The median income for a household in the county was $36,498, and the median income for a family was $43,814. Males had a median income of $32,279 versus $24,032 for females. The per capita income for the county was $18,520. About 8.50% of families and 11.10% of the population were below the poverty line, including 13.20% of those under age 18 and 10.20% of those age 65 or over.
There are many churches in Kennebec county, the largest being: Baptist, Methodist, Episcopalian, Congregationalist, Unitarian, Church of the Nazarene, Church of Christ, Adventist and The Church of Jesus Christ of Latter-day Saints (Mormons). However, the largest single denomination is Roman Catholicism.
Kennebec County's economy has traditionally been industrial. A large amount of paper and textiles were produced, and mills sprung up all along the Kennebec river. The median household income is currently $36,498. The unemployment rate is currently at 4.2% (lower than it has been in a year).
There are three colleges: Colby College and Thomas College (both in Waterville), and the University of Maine at Augusta. There are 19 school districts (however, 4 are consolidated ones). In China Maine, there is no public high school, but a private school (Erskine Academy) exists, and the town pays for students tuition if they choose to attend. Students from Vassalboro can pick from one of four school districts (Cony in Augusta, Erskine, Winslow, or Waterville). However, many towns have local public high schools.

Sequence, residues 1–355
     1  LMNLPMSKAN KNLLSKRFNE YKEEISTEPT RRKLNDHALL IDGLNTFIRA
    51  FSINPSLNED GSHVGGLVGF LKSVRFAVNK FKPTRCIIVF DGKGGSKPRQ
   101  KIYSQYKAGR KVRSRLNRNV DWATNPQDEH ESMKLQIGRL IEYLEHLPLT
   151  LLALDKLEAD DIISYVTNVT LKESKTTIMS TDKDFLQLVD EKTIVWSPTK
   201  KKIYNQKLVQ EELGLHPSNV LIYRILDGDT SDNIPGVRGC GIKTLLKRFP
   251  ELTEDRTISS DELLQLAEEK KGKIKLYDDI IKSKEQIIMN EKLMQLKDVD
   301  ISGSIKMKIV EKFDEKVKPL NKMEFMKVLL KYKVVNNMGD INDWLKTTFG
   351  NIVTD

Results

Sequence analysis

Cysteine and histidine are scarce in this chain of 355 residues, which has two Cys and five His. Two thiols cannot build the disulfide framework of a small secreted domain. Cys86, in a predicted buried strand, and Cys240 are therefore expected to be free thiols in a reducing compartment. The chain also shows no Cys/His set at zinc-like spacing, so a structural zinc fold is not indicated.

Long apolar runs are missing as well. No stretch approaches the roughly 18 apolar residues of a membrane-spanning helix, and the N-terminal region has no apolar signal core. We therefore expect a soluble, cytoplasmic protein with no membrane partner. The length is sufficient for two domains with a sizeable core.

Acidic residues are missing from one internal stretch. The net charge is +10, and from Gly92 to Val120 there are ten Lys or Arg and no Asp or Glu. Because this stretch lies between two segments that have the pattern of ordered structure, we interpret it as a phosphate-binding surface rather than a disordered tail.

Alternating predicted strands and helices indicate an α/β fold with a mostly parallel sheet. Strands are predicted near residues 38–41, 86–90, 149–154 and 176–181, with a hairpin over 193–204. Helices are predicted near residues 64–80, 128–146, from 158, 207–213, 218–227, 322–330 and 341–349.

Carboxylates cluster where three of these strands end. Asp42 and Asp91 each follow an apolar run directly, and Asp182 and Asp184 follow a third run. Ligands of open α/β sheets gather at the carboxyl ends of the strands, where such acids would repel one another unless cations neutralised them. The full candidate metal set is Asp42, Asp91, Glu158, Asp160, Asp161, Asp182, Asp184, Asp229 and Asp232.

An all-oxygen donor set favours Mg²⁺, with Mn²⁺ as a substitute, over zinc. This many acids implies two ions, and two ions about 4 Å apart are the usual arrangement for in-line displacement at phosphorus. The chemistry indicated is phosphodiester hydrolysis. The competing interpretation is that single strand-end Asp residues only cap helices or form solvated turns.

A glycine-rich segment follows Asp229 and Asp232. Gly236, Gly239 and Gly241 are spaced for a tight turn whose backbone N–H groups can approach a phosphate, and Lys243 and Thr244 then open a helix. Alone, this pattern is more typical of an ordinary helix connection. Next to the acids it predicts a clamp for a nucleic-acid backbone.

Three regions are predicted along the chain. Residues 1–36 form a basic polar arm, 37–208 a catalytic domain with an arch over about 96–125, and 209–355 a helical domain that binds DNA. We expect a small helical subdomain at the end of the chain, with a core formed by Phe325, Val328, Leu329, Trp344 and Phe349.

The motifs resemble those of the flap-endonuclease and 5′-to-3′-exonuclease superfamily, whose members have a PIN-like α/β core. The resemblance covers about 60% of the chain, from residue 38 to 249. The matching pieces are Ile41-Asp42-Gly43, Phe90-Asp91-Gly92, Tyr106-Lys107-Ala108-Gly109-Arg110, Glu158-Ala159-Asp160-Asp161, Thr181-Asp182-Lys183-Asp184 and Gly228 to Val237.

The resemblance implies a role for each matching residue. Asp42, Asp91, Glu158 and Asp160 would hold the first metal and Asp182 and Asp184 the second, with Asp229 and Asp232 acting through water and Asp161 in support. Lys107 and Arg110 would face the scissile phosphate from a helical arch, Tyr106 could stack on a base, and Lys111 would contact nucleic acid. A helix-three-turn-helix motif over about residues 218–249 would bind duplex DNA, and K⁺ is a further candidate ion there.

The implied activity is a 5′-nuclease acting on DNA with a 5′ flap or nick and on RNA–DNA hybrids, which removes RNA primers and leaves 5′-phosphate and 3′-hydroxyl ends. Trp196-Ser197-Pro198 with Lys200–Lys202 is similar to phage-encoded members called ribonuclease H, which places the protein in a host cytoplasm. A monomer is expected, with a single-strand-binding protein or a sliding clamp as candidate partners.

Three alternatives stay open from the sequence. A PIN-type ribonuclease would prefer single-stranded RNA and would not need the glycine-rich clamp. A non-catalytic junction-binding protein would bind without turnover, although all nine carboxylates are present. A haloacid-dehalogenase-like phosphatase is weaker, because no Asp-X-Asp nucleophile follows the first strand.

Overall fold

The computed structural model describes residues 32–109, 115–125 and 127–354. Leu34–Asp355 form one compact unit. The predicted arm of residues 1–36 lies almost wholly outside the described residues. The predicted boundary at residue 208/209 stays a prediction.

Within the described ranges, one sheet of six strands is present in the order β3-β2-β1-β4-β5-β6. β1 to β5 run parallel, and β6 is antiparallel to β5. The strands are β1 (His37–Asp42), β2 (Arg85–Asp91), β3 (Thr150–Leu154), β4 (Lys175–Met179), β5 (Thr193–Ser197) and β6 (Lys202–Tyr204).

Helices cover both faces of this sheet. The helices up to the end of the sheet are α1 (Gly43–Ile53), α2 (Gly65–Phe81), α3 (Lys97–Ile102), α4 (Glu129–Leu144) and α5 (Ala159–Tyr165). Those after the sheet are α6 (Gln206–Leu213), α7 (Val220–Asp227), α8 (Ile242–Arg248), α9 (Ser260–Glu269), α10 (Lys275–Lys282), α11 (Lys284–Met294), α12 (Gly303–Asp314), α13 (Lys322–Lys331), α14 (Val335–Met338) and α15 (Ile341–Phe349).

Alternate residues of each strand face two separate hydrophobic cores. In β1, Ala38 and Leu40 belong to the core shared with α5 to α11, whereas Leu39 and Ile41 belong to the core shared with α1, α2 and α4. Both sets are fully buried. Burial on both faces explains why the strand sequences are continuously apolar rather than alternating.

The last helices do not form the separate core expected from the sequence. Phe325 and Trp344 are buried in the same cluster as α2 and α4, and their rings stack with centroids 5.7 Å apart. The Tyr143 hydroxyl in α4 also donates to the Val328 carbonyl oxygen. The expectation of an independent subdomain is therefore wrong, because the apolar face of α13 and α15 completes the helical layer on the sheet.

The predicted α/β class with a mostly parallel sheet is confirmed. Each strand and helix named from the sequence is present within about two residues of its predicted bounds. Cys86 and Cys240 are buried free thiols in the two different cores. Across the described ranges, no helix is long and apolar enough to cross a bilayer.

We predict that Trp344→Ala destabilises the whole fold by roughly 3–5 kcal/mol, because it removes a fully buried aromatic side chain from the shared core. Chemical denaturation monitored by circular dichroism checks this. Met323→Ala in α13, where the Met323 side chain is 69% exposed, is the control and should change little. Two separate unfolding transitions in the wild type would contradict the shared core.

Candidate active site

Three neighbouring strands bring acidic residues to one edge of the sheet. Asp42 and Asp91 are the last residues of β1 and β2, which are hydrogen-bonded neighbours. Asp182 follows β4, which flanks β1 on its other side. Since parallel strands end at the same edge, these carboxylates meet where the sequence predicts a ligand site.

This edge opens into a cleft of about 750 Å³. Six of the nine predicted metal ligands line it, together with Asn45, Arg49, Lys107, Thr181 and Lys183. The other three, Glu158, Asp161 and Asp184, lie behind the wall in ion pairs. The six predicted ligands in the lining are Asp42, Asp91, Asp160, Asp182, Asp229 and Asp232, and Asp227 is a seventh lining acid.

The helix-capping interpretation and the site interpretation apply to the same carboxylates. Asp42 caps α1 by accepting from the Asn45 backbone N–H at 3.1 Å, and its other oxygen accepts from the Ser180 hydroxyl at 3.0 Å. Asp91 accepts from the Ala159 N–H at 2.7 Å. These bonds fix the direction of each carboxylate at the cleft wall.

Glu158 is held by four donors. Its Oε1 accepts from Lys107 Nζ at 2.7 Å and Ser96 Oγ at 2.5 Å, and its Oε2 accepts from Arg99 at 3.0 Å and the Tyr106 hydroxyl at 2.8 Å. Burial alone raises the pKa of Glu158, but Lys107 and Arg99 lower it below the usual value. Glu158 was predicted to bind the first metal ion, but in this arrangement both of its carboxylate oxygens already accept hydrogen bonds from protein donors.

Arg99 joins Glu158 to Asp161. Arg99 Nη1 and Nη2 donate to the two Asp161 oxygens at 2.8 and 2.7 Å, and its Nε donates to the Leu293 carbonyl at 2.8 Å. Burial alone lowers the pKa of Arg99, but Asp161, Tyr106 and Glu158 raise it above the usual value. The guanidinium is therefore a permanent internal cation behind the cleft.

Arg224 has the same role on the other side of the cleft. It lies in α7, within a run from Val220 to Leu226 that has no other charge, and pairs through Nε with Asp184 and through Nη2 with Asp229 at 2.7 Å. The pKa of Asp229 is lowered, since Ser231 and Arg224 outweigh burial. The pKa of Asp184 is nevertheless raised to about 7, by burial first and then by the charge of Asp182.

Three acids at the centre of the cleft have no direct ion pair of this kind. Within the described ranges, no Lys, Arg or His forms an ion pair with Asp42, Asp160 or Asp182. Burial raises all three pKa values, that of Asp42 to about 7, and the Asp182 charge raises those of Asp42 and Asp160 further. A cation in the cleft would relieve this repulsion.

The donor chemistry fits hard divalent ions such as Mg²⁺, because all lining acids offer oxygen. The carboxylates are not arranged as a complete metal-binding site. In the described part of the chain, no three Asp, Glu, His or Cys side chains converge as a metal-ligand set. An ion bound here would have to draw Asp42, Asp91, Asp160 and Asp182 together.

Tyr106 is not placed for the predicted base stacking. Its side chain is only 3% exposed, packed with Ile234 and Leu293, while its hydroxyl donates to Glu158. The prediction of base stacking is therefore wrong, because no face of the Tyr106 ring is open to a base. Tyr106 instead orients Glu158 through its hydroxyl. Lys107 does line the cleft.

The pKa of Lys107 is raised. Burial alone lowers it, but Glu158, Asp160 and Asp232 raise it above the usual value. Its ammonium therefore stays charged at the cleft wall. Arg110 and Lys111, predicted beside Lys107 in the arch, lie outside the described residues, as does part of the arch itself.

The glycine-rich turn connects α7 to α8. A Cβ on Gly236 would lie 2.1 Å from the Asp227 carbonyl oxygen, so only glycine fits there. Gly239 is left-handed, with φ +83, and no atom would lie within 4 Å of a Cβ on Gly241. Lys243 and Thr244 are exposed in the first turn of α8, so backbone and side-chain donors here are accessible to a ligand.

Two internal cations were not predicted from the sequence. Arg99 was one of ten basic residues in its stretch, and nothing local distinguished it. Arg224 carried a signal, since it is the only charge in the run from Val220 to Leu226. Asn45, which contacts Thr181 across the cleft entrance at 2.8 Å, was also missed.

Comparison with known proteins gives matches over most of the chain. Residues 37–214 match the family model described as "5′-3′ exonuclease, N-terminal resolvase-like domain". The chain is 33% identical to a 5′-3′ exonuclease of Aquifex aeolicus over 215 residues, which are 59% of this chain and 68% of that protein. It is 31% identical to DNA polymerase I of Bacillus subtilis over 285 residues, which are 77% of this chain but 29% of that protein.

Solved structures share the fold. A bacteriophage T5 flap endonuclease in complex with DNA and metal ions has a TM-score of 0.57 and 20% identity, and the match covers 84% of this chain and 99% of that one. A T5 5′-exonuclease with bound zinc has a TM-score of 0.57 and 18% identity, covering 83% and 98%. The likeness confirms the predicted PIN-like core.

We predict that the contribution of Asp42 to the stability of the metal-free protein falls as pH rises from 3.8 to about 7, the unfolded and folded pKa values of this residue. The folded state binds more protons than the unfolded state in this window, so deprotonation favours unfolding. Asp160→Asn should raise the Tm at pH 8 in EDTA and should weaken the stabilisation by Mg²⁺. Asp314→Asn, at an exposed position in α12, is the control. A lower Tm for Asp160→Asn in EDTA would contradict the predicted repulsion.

|2012||55.2% 35,068||41.8% 26,519|
|2008||56.4% 37,238||41.7% 27,482|
|2004||53.3% 35,616||44.6% 29,761|
|2000||53.0% 31,198||40.7% 23,967|
Kennebec County has consistently voted Democrat in recent elections. While the more rural areas support the Republican Party, the urban areas are strongly Democratic. Democrats have carried the county in recent Presidential elections. Kennebec County is the only county in Maine that is split between Maine's two congressional districts. The larger, southern portion of the county is located in the 1st Congressional District of Maine, while the northern, smaller portion is located in the 2nd Congressional District of Maine.
|Voter Registration and Party Enrollment as of June 2014|
- "State & County QuickFacts". United States Census Bureau. Retrieved August 19, 2013.